|Women who will die of breast cancer, annually
|Women who will die of breast cancer, weekly (average)
|Women who will die of breast cancer, daily (average)
Breast Cancer Mortality and Age
The risk of dying from breast cancer increases with age. 91 percent of breast cancer deaths occur in women 50 and over; the majority of breast cancer deaths (52 percent) occur in women over 70 years of age.
Women under the age of 50 represent 18 percent of breast cancer cases (5 percent under 40) – and account for 9 percent of breast cancer-related deaths (2 percent under 40). Generally, breast cancer mortality rates in women are consistent across Canada and do not vary significantly by geography.
Fewer Canadian women are dying from breast cancer today than in the past. In fact, the breast cancer mortality rate in Canada is the lowest it has been since 1950. Breast cancer mortality rates have decreased by 44 percent since the peak in 1986 due to earlier detection through regular mammography screening, advances in screening technology, and improved treatments.
The significant decline in the breast cancer mortality rate suggests that there has been important progress made in cancer control. Cancer control aims to reduce the expected number of new diagnoses, reduce the severity of illness, enhance the quality of life for those diagnosed, and reduce the likelihood of dying from the disease. In relation to breast cancer, advancements in earlier detection are an aspect of cancer control efforts that have been particularly successful. When women are diagnosed at earlier stages of the disease, more treatment options are available, and women have a better chance at surviving the disease.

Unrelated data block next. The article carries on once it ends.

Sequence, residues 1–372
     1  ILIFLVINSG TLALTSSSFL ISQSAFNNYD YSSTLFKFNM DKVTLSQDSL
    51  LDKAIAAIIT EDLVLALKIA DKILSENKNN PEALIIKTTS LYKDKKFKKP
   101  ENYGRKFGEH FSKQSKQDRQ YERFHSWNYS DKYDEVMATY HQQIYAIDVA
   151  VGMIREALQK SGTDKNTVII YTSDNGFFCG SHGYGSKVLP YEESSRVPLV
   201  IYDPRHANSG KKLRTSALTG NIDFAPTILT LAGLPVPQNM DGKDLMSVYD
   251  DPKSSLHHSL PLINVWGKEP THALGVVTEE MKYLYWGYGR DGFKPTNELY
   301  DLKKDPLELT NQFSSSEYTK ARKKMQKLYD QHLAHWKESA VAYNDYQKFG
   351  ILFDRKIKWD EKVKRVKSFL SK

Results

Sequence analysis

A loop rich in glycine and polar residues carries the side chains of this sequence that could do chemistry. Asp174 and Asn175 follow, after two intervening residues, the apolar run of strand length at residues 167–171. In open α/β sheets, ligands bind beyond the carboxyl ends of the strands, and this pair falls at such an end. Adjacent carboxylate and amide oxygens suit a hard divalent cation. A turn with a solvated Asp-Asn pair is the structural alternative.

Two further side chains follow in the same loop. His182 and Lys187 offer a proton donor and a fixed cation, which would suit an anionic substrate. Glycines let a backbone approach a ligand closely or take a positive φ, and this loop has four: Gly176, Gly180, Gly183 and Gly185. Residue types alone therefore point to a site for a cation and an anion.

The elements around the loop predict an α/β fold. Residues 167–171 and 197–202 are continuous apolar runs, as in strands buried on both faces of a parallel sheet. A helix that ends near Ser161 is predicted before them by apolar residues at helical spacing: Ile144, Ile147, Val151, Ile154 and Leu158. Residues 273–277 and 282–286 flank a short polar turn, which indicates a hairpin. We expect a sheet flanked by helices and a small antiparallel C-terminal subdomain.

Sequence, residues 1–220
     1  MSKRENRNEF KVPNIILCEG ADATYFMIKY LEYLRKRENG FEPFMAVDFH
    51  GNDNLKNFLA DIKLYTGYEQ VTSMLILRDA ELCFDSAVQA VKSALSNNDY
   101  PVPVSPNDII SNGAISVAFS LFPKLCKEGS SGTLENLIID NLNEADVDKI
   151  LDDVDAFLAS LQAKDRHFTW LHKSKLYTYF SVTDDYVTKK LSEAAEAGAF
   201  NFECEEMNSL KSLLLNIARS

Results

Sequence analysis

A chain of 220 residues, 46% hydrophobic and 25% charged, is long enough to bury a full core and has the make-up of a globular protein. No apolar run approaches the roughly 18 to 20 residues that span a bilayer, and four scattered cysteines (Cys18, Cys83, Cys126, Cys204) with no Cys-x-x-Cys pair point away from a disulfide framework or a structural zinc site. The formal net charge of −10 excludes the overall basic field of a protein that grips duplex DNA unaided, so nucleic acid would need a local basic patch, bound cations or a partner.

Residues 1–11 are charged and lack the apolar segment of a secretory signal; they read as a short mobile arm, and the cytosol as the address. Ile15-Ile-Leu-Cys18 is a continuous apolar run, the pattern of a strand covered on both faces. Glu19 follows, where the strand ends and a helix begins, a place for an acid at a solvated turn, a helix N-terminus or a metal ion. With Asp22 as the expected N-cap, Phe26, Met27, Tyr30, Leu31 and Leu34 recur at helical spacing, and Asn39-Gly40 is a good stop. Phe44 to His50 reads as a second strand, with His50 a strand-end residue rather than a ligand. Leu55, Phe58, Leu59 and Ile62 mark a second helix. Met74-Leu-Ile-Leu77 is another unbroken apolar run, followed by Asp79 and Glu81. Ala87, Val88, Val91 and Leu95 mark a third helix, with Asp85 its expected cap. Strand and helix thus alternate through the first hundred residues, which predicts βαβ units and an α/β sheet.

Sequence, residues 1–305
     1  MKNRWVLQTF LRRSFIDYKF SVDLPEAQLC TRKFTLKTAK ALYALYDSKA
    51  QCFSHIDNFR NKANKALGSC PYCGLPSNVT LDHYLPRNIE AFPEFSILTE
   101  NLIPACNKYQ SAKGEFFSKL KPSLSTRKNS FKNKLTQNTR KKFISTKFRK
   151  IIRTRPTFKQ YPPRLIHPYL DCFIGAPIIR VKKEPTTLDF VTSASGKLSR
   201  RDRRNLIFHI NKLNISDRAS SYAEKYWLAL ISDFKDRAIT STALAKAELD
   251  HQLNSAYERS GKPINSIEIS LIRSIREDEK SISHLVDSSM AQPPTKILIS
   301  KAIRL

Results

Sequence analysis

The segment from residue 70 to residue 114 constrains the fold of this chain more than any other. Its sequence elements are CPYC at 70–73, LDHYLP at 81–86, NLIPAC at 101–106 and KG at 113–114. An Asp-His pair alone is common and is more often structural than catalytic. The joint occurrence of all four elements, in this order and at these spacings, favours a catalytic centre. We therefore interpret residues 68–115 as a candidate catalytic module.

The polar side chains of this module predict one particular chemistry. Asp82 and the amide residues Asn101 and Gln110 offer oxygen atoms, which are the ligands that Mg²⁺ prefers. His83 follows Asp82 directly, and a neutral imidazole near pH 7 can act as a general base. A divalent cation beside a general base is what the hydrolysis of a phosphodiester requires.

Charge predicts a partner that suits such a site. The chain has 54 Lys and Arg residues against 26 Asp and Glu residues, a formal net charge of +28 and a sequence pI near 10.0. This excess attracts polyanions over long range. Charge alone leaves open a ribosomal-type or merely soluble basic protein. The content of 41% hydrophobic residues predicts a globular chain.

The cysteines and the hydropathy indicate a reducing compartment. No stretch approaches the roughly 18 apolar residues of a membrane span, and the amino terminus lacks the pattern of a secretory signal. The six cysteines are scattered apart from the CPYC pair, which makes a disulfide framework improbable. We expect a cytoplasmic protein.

While over half of the new cases of breast cancer will occur in women between ages 50 and 69, more deaths from breast cancer will occur in women 80 years of age or older than in any other age group.
Breast cancer in younger women (under age 50)
The burden of breast cancer affects younger women to a greater extent than older ones. In women over 60, only 12 percent of cancer related deaths are due to breast cancer. In women 30-59, however, fully 22 percent of cancer related deaths are due to breast cancer. Breast cancers in younger women tend to be more aggressive, often moving quickly to advanced stages.